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Tetanus shots: Is it risky to receive 'extra' boosters?By Mayo Clinic staff
Original Article: http://www.mayoclinic.com/health/tetanus-shots/AN01497
- With Mayo Clinic internist
James M. Steckelberg, M.D.read biographyclose window
James M. Steckelberg, M.D.James Steckelberg, M.D.
Dr. James Steckelberg is a consultant in the Division of Infectious Diseases and a professor of medicine at Mayo Medical School.
A native of Fremont, Neb., Dr. Steckelberg was a Rhodes Scholar and graduated from the Mayo Graduate School of Medicine as a resident in internal medicine and a fellow in infectious diseases, and is board certified in both. He is the former director of the Infectious Diseases Research Laboratory at Mayo Clinic.
Dr. Steckelberg belongs to numerous professional organizations. He is a founding member of the Musculoskeletal Infection Society and a fellow of the American College of Physicians and of the Infectious Diseases Society of America. He has served on many Mayo Clinic committees and is a member of the Department of Medicine Leadership Committee and of the executive committee of the Division of Infectious Diseases. He also served on the editorial boards of "Mayo Clinic Proceedings" and "Antimicrobial Agents and Chemotherapy" and has been an editorial reviewer for more than a dozen publications.
Dr. Steckelberg's research interests include experimental models of infection, epidemiology of infection, and antimicrobial resistance and therapy of bacterial infections.
- Vaccination schedule: Why so many so fast?
- Immunization: Are you immune to a disease?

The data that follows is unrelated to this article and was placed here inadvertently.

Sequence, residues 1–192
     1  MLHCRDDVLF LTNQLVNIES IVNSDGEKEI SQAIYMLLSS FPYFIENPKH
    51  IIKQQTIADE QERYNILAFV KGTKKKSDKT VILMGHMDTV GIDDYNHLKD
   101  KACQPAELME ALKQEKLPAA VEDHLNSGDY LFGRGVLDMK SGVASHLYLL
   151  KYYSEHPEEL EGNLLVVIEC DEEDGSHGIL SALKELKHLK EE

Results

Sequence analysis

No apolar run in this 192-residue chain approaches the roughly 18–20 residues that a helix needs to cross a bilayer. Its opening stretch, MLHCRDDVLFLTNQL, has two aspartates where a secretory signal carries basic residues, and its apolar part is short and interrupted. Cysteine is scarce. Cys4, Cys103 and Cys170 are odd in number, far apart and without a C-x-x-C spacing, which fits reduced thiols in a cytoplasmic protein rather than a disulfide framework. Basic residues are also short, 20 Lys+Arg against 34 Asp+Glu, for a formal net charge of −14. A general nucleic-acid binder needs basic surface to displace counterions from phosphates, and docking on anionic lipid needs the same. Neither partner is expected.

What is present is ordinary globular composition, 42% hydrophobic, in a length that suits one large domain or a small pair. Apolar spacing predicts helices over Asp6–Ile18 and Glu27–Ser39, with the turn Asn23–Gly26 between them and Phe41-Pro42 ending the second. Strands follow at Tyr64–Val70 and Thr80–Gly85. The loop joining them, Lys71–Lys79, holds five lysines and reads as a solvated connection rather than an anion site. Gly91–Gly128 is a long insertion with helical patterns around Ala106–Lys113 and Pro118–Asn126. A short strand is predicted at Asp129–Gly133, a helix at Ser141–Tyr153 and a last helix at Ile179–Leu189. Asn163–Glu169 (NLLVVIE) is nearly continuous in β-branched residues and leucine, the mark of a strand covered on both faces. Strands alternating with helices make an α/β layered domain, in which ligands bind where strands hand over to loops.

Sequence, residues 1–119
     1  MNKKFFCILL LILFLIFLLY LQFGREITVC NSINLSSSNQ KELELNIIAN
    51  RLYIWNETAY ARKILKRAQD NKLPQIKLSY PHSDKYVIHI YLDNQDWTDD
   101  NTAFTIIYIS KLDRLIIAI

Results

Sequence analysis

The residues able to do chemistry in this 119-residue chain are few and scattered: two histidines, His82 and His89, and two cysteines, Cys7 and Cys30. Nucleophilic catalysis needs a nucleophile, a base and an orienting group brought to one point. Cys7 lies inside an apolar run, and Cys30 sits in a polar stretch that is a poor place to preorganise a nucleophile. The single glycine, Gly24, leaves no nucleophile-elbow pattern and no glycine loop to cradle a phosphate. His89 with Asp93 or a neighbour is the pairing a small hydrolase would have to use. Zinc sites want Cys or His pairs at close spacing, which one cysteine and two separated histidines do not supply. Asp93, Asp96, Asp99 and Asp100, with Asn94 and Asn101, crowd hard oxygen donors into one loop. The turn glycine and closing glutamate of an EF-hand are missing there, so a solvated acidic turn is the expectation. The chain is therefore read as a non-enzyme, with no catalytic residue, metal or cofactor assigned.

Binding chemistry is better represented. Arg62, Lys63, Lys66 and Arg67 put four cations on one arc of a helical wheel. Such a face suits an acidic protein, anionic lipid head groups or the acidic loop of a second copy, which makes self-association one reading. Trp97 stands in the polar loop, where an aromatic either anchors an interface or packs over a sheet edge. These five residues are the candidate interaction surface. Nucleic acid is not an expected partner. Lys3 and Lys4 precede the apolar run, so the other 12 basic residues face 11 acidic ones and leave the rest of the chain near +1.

- Tetanus shots: Is it risky to receive 'extra' boosters?
Tetanus shots: Is it risky to receive 'extra' boosters?
What happens if you get tetanus shots too close together — within a few years instead of the recommended 10 years?
from James M. Steckelberg, M.D.
It's usually OK to receive an extra booster of the tetanus vaccine. This is especially true if you're being treated for an acute injury, such as a deep cut or puncture wound, and you can't recall exactly when you had your last tetanus shot.
Vaccination is the best way to prevent tetanus — a serious disease caused by a bacterial toxin that affects the nervous system. Tetanus bacterial spores can enter your body through any cut or scratch. But deep puncture wounds, such as from stepping on a nail, are most susceptible to tetanus infection.
An adult who's never been immunized against tetanus should complete the initial tetanus series of three tetanus shots. The first two shots are given at least four weeks apart, and the third shot is given six to 12 months after the second shot. After the initial tetanus series, booster shots are recommended every 10 years. Although getting tetanus shots more frequently generally isn't harmful, it may increase the risk of soreness or redness at the injection site.
If you experience a puncture wound and it's been more than five years since your last tetanus shot — or you can't remember when you had your last tetanus shot — it's best to get the booster shot.Next question
Vaccination schedule: Why so many so fast?
- Hibberd PL. Tetanus-diphtheria toxoid vaccination in adults. http://www.uptodate.com/home/index.html. Accessed Oct. 26, 2010.
- Ask the experts: Diphtheria, tetanus, pertussis. Immunization Action Coalition. http://www.immunize.org/askexperts/experts_per.asp. Accessed Oct. 26, 2010.
- Hsu SS. Tetanus. In: Bope ET, et al. Conn's Current Therapy 2010. Philadelphia, Pa.: Saunders Elsevier; 2010. http://www.mdconsult.com/books/linkTo?type=bookPage&isbn=978-1-4160-6642-2&eid=4-u1.0-B978-1-4160-6642-2..00002-8--sc0150. Accessed Oct. 26, 2010.